Look, an awesome job description in the hands of a relevant audience may still not be the answer to your recruiting challenges. Recruiters taking the “personalized” approach will want to see how the approach is working, and be willing to fine tune it.
Innovative recruiters we talk to use email campaign tools like ConstantContact to track messages they send, even if it is simply a one-to-one message. The reason is because a piece of HTML code is attached. This allows you to see who opened the email, and who clicked on any calls to action. Imagine taking 50 people from your “hot list”, messaging them, then being able to see who clicked on your Instagram video. Do you think that would enable you to hunt with a rifle versus that shotgun? Most likely.
The data may also show that few candidates are clicking on your messages, and that’s good too. You want to know if you need to change your approach, target audience, messaging, etc.
Beyond email campaigns, there’s a ton to be learned by looking at the data. The challenge is that many recruiters have no idea where their traffic and candidates are coming from on the web. You need to find a way to figure this out. Whether it’s your ATS, a platform like Jobs2Web, or my favorite…Google Analytics.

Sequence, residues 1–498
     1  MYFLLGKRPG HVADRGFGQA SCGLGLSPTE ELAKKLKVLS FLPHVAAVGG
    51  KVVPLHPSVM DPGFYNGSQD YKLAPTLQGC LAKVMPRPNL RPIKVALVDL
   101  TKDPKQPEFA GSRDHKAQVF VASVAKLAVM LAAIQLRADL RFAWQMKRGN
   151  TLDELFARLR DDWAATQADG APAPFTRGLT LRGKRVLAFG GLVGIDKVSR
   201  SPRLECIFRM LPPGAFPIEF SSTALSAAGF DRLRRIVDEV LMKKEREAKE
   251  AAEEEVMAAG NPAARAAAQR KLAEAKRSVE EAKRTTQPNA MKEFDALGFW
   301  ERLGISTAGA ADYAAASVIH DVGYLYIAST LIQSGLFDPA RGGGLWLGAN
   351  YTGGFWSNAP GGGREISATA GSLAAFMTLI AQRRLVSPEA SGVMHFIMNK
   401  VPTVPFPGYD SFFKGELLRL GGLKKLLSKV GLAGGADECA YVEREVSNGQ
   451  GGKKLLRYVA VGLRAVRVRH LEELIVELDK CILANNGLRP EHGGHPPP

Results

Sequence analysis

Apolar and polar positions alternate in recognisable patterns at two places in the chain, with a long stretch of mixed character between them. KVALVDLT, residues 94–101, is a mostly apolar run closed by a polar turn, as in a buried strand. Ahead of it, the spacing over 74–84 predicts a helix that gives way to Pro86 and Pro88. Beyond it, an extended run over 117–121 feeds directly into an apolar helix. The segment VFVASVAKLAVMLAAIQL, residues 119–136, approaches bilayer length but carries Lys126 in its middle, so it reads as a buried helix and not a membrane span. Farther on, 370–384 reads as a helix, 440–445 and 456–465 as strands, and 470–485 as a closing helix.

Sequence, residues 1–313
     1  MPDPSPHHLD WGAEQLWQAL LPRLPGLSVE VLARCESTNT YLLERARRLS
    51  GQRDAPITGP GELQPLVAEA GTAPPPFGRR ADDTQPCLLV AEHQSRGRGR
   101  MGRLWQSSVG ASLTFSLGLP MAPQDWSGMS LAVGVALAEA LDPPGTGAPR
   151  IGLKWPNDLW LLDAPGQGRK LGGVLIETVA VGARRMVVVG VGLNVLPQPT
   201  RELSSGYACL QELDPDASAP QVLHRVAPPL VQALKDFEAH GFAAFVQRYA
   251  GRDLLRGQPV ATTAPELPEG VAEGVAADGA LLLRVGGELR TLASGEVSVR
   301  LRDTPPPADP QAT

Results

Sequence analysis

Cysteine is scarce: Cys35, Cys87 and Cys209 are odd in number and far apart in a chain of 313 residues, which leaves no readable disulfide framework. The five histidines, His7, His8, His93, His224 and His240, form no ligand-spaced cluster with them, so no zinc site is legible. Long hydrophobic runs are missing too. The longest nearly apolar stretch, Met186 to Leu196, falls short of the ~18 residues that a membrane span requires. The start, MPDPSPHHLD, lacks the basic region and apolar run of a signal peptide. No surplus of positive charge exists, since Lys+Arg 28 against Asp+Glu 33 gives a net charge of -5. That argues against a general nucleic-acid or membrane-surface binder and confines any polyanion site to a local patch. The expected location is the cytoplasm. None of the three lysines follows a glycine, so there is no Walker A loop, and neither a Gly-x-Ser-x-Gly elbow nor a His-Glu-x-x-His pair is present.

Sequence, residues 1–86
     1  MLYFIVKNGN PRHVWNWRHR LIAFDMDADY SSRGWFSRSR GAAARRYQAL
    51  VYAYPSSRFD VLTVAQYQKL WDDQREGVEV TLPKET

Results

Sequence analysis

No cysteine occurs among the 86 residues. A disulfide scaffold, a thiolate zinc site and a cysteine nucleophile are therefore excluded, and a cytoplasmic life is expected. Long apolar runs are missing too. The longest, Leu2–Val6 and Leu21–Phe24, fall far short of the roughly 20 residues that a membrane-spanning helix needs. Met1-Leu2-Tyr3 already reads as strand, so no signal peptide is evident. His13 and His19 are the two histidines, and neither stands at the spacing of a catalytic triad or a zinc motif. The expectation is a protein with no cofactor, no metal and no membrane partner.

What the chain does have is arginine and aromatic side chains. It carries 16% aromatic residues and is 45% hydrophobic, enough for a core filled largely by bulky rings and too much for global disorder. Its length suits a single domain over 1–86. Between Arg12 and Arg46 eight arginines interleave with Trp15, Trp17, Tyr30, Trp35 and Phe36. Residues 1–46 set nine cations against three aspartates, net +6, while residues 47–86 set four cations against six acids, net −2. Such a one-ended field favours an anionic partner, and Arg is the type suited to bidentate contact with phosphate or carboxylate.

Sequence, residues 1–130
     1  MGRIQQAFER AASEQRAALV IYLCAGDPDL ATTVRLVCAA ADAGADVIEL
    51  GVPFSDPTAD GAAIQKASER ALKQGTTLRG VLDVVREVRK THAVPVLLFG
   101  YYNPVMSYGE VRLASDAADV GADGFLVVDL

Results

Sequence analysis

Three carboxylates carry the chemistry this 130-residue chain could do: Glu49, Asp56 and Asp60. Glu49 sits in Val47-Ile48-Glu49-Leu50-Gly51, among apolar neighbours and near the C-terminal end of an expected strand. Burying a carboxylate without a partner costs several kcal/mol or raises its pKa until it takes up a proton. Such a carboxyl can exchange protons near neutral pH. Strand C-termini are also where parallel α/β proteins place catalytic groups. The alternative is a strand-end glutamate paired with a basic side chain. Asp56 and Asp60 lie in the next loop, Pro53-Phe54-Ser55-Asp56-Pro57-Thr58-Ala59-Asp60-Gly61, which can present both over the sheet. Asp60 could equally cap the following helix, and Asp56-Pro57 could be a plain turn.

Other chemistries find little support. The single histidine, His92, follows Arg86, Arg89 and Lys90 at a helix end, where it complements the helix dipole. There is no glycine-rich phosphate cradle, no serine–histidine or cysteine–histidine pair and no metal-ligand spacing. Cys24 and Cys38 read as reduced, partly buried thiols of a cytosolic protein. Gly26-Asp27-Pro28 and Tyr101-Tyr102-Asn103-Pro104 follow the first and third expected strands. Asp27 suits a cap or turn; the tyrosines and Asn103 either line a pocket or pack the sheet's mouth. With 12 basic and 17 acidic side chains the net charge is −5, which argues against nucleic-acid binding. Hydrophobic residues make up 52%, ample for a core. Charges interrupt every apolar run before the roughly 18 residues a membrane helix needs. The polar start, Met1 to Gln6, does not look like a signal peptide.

To get reports from Google Analytics, make friends with the SEO expert at your company (or learn it yourself if you can). When you see the data, you get much better insight as to how the awesome job descriptions you create perform. You want to know if channels like Facebook, LinkedIn, Twitter, Pinterest, YouTube and others drive candidates to your job description, and what the quality of traffic is like. It will tell you where to spend more time…and where not to.
You have to start somewhere
To get out of the “cookie-cutter” mode of advertising jobs you have to take action. Take the hottest job that you have. Simplify the text in the job description. Get the most social savvy person on the hiring team to do a quick introduction on video. Perhaps 2 or 3 people if you can get them. Take the embed link from Instagram or YouTube and put it in the job description. Pull a group of top candidates relevant to the job that are on your “hot list”. Email it to those people. If you can track them through an email tool, do it. Start sharing it out across your social networks, and get your team members to do it too. Once the job description has been distributed, try and find as many analytics as you can. Take your measurement, get candidate feedback, and refine the process.
No more “cookie-cutter”. Drive your Employer Brand. Get great hires.